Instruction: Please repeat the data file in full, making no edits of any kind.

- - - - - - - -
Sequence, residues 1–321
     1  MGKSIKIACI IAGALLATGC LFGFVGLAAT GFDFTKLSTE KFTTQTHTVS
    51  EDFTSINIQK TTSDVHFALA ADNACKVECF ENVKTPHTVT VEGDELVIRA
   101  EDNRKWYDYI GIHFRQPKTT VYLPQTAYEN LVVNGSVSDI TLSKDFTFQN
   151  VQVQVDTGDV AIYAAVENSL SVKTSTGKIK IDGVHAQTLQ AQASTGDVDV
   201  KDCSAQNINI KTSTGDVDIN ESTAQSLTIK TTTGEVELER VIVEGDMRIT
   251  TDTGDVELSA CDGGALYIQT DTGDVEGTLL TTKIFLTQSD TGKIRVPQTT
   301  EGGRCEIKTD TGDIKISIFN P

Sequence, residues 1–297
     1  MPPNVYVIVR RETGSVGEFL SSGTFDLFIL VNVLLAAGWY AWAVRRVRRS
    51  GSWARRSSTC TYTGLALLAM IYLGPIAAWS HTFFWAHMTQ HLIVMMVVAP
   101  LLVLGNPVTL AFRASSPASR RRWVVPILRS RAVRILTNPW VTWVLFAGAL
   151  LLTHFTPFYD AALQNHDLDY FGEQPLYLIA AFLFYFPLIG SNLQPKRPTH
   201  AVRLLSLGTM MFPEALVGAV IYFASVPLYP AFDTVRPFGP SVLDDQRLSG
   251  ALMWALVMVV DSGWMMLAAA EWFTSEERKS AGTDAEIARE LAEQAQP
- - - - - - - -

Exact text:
Sequence, residues 1–321
     1  MGKSIKIACI IAGALLATGC LFGFVGLAAT GFDFTKLSTE KFTTQTHTVS
    51  EDFTSINIQK TTSDVHFALA ADNACKVECF ENVKTPHTVT VEGDELVIRA
   101  EDNRKWYDYI GIHFRQPKTT VYLPQTAYEN LVVNGSVSDI TLSKDFTFQN
   151  VQVQVDTGDV AIYAAVENSL SVKTSTGKIK IDGVHAQTLQ AQASTGDVDV
   201  KDCSAQNINI KTSTGDVDIN ESTAQSLTIK TTTGEVELER VIVEGDMRIT
   251  TDTGDVELSA CDGGALYIQT DTGDVEGTLL TTKIFLTQSD TGKIRVPQTT
   301  EGGRCEIKTD TGDIKISIFN P

Sequence, residues 1–297
     1  MPPNVYVIVR RETGSVGEFL SSGTFDLFIL VNVLLAAGWY AWAVRRVRRS
    51  GSWARRSSTC TYTGLALLAM IYLGPIAAWS HTFFWAHMTQ HLIVMMVVAP
   101  LLVLGNPVTL AFRASSPASR RRWVVPILRS RAVRILTNPW VTWVLFAGAL
   151  LLTHFTPFYD AALQNHDLDY FGEQPLYLIA AFLFYFPLIG SNLQPKRPTH
   201  AVRLLSLGTM MFPEALVGAV IYFASVPLYP AFDTVRPFGP SVLDDQRLSG
   251  ALMWALVMVV DSGWMMLAAA EWFTSEERKS AGTDAEIARE LAEQAQP